By car

A car is not really needed inside Matsue city, but might be an option if when planning to venture out to places further out which are not easily reachable by public transport.

See

Matsue Castle

Matsue Castle and Shiomi Nawate Samurai Street

Central Matsue

Shimane Art Museum
Lake Shinji

A special sunset viewing platform (Yuuhi Spot) which has been constructed along the lakeside is the best place to see the sun go down behind Yomegashima island. Especially on the weekends dozens of photographers gather here to try to take the perfect shot of the sunset. Free.

Further out

Do

Events and Festivals

Matsue Dogyoretsu Drum Parade

Many festivals and events are held yearly. Note that most official English Matsue tourism websites are rarely updated and will often show the dates and times of events held in previous years. It would be best to call the Matsue Tourist Association (tel: +81 852 26-2011) to verify the dates if you're planning your trip to Matsue to coincide with any events or festivals.

On the weekends various events are held on the castle grounds. Free.

One of the many colorful boats at the Horanenya festival

On the second day there are food stalls and events in the Tenjin-machi area. Free.

Colorful paper lanterns floating on Lake Shinji, seen from Matsue Ohashi Bridge

On Fridays and weekends there are food stalls on the Matsue Castle parking area and the Horikawa Sightseeing Boats will also operate in the evening during this period. From mid-September to mid-October. Free.

In 2012 this event will be on the 21st of October. Drums will gather around Matsue castle around noon and the parade will start at 2PM. Free.

This dance has recently been inscribed by Unesco on the Representative List of the Intangible Cultural Heritage of Humanity, and for this reason it's currently being performed every Saturday evening (reservation required). ¥1200 (children free).

Recreation

Horiwaka Sightseeing Boat

Buy

Local foods, crafts and souvenirs

Shimane Prefectural Products and Tourist Centre

Wagashi Japanese sweets

Matsue, as one of Japan's three largest centers for the tea ceremony, has been nurturing the art of Japanese-style wagashi confectionery for several hundred years.

Clothing and accessories

Port Below

Malls and supermarkets

Money

ATMs
International ATMs can be found at most Post Offices. Note that many smaller post offices are closed on weekends and most ATMs shut down after office hours. The ATMs at Matsue Central Post Office have the longest hours of operation. Please refer to the Contact section for more information.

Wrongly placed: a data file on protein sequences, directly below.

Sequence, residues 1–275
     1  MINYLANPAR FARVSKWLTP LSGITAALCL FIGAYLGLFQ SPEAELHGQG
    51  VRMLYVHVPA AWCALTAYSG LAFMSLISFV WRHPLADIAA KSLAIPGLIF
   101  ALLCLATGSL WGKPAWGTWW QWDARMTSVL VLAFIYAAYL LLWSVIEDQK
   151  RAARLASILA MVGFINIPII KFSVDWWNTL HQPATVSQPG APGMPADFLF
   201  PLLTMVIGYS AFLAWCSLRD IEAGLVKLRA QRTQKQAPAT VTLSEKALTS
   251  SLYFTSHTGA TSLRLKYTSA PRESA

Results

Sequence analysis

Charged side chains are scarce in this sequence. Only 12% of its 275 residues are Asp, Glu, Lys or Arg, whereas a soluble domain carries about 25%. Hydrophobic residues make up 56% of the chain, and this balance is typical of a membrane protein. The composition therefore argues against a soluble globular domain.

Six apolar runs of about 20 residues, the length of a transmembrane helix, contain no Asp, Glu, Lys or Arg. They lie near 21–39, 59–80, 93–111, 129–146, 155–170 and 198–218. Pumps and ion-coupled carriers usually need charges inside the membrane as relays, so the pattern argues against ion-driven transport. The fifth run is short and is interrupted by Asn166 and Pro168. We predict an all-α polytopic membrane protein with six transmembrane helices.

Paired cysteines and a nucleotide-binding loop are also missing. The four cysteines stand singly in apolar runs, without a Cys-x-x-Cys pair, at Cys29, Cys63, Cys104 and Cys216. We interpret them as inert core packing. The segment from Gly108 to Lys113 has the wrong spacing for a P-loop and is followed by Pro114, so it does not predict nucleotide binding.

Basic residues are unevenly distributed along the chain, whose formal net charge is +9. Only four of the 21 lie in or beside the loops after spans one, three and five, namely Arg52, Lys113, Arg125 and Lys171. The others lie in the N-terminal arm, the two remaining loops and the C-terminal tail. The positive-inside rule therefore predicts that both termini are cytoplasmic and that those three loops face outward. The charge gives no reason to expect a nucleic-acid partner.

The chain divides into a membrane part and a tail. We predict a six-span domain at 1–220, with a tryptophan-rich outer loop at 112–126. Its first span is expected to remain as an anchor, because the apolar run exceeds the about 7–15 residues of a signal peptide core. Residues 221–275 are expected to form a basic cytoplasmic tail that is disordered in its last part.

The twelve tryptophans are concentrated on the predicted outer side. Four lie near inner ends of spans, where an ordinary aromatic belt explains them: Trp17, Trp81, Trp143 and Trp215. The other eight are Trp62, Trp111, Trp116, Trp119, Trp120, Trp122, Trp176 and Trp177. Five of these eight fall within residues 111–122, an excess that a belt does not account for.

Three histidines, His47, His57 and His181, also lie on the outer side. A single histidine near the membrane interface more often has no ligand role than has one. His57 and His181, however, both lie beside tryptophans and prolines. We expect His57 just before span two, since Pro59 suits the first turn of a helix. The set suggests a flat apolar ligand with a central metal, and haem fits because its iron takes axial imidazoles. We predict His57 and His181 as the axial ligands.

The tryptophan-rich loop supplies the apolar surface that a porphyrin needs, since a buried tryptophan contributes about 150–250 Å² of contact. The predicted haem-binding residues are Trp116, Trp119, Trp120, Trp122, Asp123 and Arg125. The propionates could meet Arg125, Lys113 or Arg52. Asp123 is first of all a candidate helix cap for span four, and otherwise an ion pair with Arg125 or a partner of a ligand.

Currency Exchange
Most banks in Matsue will exchange money. The banking section at Matsue Central Post Office also offers money exchange services.

Eat

The Seven Delicacies of Lake Shinji

Lake Shinji is a brackish lake in which fresh water blends with seawater, giving it an abundance of fish and seafood. The seven delicacies of Lake Shinji are:

  • Shijimi clams
  • Carp
  • Shrimp
  • Sea bass
  • Eel
  • Whitebait
  • Smelt

Many traditional Japanese restaurants in Matsue have a course menu on which these delicacies make an appearance.

Japanese

Cafes

Italian

Serves the largest pizzas in Matsue and bakes its own bread. Note that English Garden is closed in the evening, so you'll have to walking along the path on the right side to the back English Garden to get to Laut. Laut is sometimes reserved by wedding parties, so it's a good idea to call ahead. Vegetarian friendly, consult with the waiter. Lunch ¥1200, Dinner ¥2500-¥7500.

French

Other cuisines

Drink

St. James Gate

Sleep

Around Matsue Station

Matsue Station Area

Matsue Shinjiko Onsen, and around Matsue Castle

Further out

Sleeping at an Internet Cafe

Overnighting in a lounge chair in a private booth at an internet cafe might not be very glamorous but is an option if you're travelling on a tight budget. Showers, food and parking are available. Most internet cafes in Matsue are clustered around Shimane University, a bit of a walk northwards from Matsue Station. See the Contact section of this article for more information.

Connect

All phone numbers displayed on this page are in international format. To dial using local format substitute "+81" with "0".

Post Offices

WiFi Hotspots

Most McDonalds restaurants in Japan offer complimentary WiFi internet

Internet Cafes

Cope

Hospitals

Go next

Day trips

Further out

Routes through Matsue

Shimonoseki Izumo  W  E  Yonago Kyoto
Masuda Izumo  W  E  Yasugi Yonago
Yamaguchi Izumo  W  E  Yonago Kyoto


This article is issued from Wikivoyage - version of the Sunday, January 24, 2016. The text is available under the Creative Commons Attribution/Share Alike but additional terms may apply for the media files.